Utilitarianism began as a movement in ethics of the late eighteenth-century primarily associated with the English philosopher Jeremy Bentham. The basic principle of Utilitarianism involves a calculus of happiness, in which actions are deemed to be good if they tend to produce happiness in the form of pleasure and evil if they tend to promote pain. As such, the philosophy is said to derive from the classical concept of hedonism, which values the pursuit of pleasure and avoidance of pain. The sophisticated system proposed by Bentham and later expanded by John Stuart Mill and others regards not only the end product of happiness, or utility, in actions, but also considers the motives of actions and the extent to which happiness can be created not only for the individual, but also for the members of society as a whole.
Both Bentham and Mill forwarded a belief in the intrinsic nature of value; thus good or the lack thereof could be regarded as inherent in an act or thing—a concept that allowed for the mathematical calculation of utility. Beginning from this view, the Utilitarians created systems of moral behavior as standards for how an individual ought to act in society. Bentham's principle of utility is frequently regarded as the “greatest happiness principle,” the simple idea behind which is that individuals should endeavor to maximize happiness for the greatest number of people. While Bentham modified this concept over time, critics acknowledge that its essence remains intact throughout his work. Bentham developed this principle throughout a number of writings, including his most significant work of moral philosophy, An Introduction to the Principles of Morals and Legislation (1789). Ostensibly a plan for a penal code, An Introduction contains Bentham's view that individuals in society should act for the benefit of the community as a whole, and analyzes the means by which legislation should enumerate the penalties for those who refuse to contribute to the overall benefit of society. In this work, Bentham also sought to specifically record the sources of pleasure and pain, as well as to create a scale upon which the relative effects of individual acts in producing happiness or misery could be examined.
Notable among the Utilitarians to follow Bentham, the philosopher and economist John Stuart Mill made considerable contributions to Utilitarian philosophy, beginning with his succinct apologia for the doctrine in Utilitarianism (1861). The essay displays Mill's emphasis on rational calculation as the means by which human beings strive toward personal happiness. Mill's remaining philosophical writings elucidate his Utilitarianism, especially in regard to a number of related practical issues, including women's suffrage, and legislative and educational reform. Following his death, Mill's system was later expanded by his disciple Henry Sidgwick, who in his Methods of Ethics (1874) discussed the means by which individuals may endeavor to achieve moral action through reasoned behavior.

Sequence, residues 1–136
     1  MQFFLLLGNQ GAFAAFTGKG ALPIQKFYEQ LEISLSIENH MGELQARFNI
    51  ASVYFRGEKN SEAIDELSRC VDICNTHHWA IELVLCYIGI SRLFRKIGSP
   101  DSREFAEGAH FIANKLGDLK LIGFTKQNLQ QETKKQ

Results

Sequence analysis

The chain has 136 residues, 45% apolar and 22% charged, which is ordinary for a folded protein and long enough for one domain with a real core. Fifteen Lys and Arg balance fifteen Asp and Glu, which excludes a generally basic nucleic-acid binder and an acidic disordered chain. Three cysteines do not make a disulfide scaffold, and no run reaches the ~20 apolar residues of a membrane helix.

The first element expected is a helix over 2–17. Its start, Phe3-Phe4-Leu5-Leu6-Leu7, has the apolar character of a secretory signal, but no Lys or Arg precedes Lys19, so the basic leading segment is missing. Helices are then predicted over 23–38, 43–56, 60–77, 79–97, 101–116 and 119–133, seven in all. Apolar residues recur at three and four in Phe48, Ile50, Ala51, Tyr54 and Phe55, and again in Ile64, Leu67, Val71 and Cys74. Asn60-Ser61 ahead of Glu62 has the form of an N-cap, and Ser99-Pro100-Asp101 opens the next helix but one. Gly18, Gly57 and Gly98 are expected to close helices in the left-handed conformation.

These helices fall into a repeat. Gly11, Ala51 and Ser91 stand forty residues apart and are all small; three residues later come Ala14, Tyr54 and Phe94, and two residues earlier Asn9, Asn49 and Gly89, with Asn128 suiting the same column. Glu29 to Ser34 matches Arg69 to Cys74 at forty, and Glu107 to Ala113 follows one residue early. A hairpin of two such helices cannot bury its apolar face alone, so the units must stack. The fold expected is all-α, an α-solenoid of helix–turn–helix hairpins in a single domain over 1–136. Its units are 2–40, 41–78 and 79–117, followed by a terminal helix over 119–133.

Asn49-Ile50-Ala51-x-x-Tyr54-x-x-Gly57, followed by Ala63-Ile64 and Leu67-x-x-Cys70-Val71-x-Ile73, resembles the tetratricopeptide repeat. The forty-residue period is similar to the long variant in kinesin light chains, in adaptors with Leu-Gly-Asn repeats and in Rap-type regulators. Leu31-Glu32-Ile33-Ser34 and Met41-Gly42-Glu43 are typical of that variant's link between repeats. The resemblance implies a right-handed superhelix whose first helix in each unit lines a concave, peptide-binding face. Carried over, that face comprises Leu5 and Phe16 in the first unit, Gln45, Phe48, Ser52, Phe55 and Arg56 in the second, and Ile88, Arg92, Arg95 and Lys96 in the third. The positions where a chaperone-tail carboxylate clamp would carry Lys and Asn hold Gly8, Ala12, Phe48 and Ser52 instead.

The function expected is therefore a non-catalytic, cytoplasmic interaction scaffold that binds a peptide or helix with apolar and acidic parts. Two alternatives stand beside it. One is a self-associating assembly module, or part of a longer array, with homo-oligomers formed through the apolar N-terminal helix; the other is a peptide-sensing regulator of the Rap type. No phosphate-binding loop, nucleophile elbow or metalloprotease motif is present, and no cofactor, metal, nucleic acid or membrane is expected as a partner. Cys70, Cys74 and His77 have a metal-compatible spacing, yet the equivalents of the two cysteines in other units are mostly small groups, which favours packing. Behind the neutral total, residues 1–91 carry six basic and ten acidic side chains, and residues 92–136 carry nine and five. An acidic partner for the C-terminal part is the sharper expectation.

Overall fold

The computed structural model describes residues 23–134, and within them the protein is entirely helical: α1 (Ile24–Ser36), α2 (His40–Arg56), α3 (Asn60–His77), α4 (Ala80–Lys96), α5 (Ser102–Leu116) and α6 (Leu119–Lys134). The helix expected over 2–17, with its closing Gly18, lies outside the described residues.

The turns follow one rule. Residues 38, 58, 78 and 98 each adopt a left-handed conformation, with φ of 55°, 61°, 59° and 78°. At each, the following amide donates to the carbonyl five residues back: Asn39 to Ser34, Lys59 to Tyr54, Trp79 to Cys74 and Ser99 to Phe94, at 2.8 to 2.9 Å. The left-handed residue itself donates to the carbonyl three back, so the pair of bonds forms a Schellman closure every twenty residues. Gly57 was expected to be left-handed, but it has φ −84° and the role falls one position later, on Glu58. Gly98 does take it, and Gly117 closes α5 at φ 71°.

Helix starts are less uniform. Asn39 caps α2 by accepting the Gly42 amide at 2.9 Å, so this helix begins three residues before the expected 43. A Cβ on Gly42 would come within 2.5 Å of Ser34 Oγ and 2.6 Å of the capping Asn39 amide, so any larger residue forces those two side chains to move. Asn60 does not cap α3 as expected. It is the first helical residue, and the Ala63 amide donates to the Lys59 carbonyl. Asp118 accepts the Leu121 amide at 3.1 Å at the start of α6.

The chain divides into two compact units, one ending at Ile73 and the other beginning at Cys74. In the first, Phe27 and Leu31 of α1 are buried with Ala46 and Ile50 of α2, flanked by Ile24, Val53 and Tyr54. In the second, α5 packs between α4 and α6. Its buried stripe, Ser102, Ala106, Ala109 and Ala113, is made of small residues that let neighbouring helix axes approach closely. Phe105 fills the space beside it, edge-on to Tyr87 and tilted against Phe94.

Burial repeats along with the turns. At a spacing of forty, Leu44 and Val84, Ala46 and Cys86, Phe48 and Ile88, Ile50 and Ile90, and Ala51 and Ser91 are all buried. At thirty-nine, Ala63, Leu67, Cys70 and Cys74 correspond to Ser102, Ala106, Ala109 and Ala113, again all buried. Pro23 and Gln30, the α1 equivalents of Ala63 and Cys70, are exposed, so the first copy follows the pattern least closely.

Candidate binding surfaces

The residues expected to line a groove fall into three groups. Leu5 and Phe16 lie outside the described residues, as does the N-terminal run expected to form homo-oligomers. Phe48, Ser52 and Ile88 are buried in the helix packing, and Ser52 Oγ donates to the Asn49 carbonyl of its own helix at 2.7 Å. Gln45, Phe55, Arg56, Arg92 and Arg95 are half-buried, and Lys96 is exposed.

Numerous other individuals contributed to the Utilitarian movement in the nineteenth century, including the British philosophers John Austin and James Mill (J. S. Mill's father). In theory and in practice, Utilitarianism has continued to be influential, with the work of Bentham and Mill proving to be of the greatest importance and interest. Commentators on the writings of both men have continued the process of analyzing and codifying their work in order to more clearly define the doctrine. Among the principal interpretations have been a bifurcation of the philosophy into so-called “rule” and “act” Utilitarianism, the former emphasizing the importance of unbending codes of moral behavior that may not be violated, and the latter allowing for a freer interpretation that permits the breaking of certain Utilitarian rules under individual circumstances. Further criticism of Bentham's and Mill's Utilitarianism has focused on the important concept of justice as it applies to the principles of liberty and utility advocated by both. Additionally, critics have suggested the significant limitations of an ethical system that attempts to reduce human behavior and action to simple rational calculations of pleasure versus pain, but at the same time they acknowledge its considerable impact on nineteenth- and twentieth-century normative ethics.